Am looking into mitigations to Pass+the-Hash and Pass-the-Ticket in Active Directory that also improve overall network security, too. Have sorting through some of the many two+factor authentication options to increase security of user login, but just discovered that under the standard AD way of doing things two-factor authentication is still using Kerberos or NTLM. So pass-the-hash or pass-the-ticket attacks are still effective against the domain. The stuff I've read seems to say that only "interactive" logins are not vulnerable to this.

How can I adopt two-factor authentication for AD user logins in ways that won't just be as vulnerable to pass-the-hash/ticket as passwords are? To the extent it matters, I'm referring to environments using Windows Server 2008 R2 and Server 2012.


2 Answers 2


Matt Weeks, in his Credential Assessment Mapping Privilege Escalation at Scale talk, discusses many techniques to prevent PtH, PtT, and PtK (OPtH).

Starting at 41:50 and up until 48:52, he goes over many prevention angles and gotchas -- https://youtu.be/_XXs8pRnqSQ?t=41m50s

My favorite recommendations are the rotation of KRBTGT weekly, and, if you can utilize smart cards then rotate the user hashes daily. He also speaks about a generic PtH control with blocking inbound NTLM to the domain.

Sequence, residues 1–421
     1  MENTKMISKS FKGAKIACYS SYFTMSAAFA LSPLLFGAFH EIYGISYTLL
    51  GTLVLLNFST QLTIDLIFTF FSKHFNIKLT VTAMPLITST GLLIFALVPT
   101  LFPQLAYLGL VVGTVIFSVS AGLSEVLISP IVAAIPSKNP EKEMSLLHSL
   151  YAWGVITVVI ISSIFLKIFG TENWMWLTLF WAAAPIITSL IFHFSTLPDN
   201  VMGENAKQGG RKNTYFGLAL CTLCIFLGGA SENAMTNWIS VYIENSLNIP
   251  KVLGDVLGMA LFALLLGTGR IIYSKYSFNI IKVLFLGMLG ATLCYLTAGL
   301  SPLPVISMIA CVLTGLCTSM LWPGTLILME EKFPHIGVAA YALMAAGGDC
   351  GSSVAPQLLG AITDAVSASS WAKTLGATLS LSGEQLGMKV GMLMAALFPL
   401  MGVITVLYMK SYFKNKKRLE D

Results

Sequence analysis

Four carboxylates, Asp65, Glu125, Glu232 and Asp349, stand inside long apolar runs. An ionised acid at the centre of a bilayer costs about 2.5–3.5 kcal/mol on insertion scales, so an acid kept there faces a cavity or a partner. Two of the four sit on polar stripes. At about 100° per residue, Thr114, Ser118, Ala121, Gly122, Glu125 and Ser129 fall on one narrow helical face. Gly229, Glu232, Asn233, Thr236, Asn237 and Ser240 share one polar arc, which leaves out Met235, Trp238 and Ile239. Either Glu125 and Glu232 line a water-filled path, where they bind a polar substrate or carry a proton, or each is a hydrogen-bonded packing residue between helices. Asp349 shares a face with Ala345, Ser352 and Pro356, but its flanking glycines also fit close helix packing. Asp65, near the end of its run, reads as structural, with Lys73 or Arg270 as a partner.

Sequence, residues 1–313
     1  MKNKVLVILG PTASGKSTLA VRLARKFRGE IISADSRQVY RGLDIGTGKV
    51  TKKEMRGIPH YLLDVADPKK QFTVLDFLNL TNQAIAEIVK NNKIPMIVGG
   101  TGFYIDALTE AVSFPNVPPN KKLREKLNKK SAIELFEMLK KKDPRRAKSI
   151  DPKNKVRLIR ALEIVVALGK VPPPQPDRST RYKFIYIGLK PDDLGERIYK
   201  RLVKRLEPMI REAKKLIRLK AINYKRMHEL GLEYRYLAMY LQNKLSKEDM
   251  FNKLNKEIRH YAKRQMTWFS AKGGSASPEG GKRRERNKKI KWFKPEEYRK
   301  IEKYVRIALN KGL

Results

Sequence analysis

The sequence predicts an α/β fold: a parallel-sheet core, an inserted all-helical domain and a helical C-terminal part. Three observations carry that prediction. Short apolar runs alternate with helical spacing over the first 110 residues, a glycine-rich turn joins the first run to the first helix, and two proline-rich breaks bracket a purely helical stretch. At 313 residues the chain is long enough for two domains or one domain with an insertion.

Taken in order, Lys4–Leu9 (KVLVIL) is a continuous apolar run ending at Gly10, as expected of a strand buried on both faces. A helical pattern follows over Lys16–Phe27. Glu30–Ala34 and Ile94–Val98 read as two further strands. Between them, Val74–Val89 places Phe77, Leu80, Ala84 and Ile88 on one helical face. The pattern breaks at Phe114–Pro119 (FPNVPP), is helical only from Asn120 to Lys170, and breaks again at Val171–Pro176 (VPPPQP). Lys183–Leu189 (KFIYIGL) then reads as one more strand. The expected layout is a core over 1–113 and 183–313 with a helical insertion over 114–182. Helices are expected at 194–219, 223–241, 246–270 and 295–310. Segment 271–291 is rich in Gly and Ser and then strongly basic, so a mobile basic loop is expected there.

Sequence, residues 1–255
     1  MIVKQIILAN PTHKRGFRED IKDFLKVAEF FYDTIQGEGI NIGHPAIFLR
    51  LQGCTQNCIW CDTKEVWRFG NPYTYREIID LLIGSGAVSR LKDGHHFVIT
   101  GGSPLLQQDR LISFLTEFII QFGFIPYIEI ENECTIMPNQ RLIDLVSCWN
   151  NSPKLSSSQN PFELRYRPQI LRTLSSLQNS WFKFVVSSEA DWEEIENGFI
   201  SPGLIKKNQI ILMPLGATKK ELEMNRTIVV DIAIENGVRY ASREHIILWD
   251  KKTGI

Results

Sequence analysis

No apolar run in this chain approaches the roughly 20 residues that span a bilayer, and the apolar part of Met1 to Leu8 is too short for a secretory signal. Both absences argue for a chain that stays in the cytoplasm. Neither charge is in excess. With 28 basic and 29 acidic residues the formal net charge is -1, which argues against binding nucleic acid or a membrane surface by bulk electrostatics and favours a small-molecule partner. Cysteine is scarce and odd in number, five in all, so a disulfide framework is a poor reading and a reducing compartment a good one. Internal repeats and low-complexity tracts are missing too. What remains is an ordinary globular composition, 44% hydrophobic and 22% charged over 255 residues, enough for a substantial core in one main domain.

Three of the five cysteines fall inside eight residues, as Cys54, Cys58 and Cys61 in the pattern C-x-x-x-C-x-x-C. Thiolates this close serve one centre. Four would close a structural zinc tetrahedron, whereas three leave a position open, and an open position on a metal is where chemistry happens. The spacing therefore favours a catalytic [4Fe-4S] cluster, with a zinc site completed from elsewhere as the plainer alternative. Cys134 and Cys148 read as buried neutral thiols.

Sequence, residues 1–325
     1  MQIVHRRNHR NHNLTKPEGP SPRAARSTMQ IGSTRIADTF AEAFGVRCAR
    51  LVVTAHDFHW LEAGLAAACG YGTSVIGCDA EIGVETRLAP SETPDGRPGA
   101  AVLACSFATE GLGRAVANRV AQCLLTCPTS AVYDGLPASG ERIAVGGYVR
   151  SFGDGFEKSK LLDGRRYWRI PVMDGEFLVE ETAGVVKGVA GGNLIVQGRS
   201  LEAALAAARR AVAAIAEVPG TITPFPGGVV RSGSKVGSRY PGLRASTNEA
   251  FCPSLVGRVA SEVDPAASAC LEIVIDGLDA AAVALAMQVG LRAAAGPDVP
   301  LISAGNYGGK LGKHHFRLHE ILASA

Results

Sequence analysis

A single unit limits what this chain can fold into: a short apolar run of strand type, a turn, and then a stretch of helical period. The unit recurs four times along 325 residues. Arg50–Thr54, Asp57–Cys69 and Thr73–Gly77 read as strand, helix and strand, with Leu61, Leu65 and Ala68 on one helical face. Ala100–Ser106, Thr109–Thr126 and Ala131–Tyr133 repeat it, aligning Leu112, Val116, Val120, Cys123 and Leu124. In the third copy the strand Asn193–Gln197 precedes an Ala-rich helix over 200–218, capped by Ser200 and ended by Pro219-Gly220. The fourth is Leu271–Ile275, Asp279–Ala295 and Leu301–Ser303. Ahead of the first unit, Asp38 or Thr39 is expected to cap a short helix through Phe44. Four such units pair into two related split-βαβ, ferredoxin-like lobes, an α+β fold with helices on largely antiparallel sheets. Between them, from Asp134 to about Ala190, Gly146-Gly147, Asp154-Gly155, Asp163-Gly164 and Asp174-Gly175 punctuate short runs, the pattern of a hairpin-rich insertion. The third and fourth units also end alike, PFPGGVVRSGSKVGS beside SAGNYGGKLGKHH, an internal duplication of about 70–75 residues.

The DFIR Blog has an excellent three-part series on many other detections and mitigations --

  1. http://dfir-blog.com/2015/11/08/protecting-windows-networks-defeating-pass-the-hash/
  2. http://dfir-blog.com/2015/11/24/protecting-windows-networks-dealing-with-credential-theft/
  3. http://dfir-blog.com/2015/12/13/protecting-windows-networks-kerberos-attacks/

As for two-factor authentication and one-time password schemes, I don't think that FIDO (e.g., YubiKey) or a competing system would deter any of the above suggestions -- it would just add to their control strength and provide operational residual risk reduction.


There is no way to use 2FA as a mitigation against p2H (stolen kerberos credentials):

  1. There are 2 types of credentials in Windows AD network: Kerberos tokens/hashes and clear text Logins/Passwords.
  2. Kerberos is a Single factor authentication protocol - it authenticates password hash or PKI certificate but not both. There is NO 2FA method exist to protect stolen Kerberos credentials. (2FA requires user iteractions which contradicts SSO principle - no user iteraction after initial login). You need to implement a security governance program - a set of measures to mitigate PtH.
  3. stolen/compromised Logins/Password are protected by using 2FA methods by MS (OTP only, requires CA) or a bunch of 3rd party that allows to use and combine a variety 2FA means.
  • Hi AleSil, please take a look here
    – bummi
    Commented Jan 9, 2019 at 12:43

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